Never resign, never give up!
Last week I played a couple of games against a fellow club member. We are relatively evenly matched, but he has a bit more experience with playing over the board, so he has a slight advantage when we meet. Usually, I lose. And this bugs me, because I can see that he does not really understand the game better. However, I tend to make stupid mistakes that costs me material or the entire game.
I managed to get a winning advantage in both of the following games, but as it turned out I blundered it all away - both times.
In this game I got a winning position because my opponent blundered his queen. I played the opening quite poorly, so I did not even deserve to survive the game. My opponent was very tense and focused during the entire game, and when I finally played my horrible queen-blundering 34th move, he stood up and panted heavily in relief. Ok. He outplayed me in the opening, so he deserved the win, but that was just a very bad game, from both of us.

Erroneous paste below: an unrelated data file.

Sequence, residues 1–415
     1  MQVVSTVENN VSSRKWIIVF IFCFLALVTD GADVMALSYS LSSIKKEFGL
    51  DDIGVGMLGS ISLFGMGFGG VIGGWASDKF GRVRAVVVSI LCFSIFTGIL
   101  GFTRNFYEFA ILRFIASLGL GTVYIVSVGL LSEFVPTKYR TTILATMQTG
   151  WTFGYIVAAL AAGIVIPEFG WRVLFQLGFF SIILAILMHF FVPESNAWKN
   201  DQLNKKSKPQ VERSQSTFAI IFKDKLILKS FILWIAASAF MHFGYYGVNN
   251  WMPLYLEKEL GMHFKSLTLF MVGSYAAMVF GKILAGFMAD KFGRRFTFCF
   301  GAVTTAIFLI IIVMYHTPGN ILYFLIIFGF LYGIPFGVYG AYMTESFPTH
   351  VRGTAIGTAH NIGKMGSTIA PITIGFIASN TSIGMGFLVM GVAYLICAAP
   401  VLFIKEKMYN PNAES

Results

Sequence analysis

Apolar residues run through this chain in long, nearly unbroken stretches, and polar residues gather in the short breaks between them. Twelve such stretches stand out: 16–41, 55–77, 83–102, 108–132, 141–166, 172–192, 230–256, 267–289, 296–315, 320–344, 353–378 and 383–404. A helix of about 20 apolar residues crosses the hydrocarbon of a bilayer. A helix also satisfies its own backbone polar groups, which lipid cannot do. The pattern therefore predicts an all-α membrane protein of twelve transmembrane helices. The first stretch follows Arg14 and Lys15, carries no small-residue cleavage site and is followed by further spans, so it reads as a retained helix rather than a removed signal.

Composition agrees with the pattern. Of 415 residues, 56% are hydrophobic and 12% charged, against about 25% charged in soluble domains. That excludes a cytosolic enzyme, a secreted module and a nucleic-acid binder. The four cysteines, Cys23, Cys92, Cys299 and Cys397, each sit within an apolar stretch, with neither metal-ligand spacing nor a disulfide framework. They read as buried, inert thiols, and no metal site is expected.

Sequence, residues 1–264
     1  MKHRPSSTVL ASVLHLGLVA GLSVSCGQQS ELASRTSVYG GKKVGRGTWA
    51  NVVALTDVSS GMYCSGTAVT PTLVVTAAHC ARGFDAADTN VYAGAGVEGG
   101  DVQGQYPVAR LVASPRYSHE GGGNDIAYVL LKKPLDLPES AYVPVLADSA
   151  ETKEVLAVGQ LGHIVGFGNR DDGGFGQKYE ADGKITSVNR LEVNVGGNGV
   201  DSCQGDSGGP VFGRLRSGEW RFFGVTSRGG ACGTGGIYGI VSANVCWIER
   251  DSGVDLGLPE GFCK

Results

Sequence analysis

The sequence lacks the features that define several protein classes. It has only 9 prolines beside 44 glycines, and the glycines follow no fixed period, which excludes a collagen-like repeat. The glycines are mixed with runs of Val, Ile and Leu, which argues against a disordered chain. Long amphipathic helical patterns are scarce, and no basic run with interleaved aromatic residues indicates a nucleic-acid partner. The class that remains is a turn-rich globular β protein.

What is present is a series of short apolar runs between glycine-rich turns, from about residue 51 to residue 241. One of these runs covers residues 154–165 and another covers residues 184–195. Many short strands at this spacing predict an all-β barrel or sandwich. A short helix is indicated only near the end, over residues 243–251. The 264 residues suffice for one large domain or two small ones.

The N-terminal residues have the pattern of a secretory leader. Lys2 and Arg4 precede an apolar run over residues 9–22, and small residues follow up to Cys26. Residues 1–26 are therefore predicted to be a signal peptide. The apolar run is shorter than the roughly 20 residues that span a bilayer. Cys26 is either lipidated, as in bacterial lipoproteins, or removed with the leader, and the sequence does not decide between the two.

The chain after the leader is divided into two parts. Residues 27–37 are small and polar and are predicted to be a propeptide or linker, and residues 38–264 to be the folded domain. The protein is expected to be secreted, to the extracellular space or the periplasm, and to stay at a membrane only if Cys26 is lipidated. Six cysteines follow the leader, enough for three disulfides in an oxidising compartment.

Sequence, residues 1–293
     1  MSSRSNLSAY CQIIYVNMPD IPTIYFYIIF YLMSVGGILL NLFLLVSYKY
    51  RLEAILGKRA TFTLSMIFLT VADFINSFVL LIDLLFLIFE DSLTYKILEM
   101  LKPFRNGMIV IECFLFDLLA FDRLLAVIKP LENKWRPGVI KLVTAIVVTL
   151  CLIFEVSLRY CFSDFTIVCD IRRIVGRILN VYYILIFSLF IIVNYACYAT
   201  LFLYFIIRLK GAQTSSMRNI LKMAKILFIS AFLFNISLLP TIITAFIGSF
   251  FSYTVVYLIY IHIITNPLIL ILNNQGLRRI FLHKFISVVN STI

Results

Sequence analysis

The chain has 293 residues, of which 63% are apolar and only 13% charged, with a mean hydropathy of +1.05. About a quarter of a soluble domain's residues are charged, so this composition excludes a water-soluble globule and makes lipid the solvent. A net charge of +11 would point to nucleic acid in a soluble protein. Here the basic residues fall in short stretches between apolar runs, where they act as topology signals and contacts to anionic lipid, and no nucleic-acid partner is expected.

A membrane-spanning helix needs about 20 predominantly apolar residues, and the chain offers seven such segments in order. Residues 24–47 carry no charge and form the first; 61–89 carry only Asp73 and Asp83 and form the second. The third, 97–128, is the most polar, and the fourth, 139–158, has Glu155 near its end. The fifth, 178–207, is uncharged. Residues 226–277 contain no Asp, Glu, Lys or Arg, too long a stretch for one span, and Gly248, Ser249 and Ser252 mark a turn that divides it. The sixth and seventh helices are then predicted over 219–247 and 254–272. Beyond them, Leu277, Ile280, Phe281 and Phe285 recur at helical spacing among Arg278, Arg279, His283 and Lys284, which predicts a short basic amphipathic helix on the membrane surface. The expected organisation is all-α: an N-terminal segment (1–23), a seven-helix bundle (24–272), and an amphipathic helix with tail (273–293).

In the second game, I played much better. After reviewing the game, I would go so far as to say that I outplayed him throughout the entire game. This time, I got a winning position by simply playing better. The problem here was that I was tired and made a horrible miscalculation. Or at least I thought it was a miscalculation at the time. In hindsight, I believe that I may have made mental slip and thought that there was another rank below the first rank - or something like that. I do not see how I could have thought that I could stop the pawn in time. Oh well. All things considered, I am satisfied with my play in the second game (but not in the first one). Apart from the miscalculated game-blundering 39th move, I think I played ok.
So what have I learned from this?
- See the entire board. Do not only focus on the area where you are attacking. Long range pieces may be sniping at the position.
- Always double-check each move to see if there is a counter that stops your plan. Even for the simple two-move plans. If you think you have a mating attack, check another time.
- When the position calls for calculation, have a break. Stand up, walk around, get some oxygen to your head. And then take a look at the position. If your head hurts during the calculation. Take another break.
- Brush up on endgames!
- Never give up, even if you blunder your queen in the opening.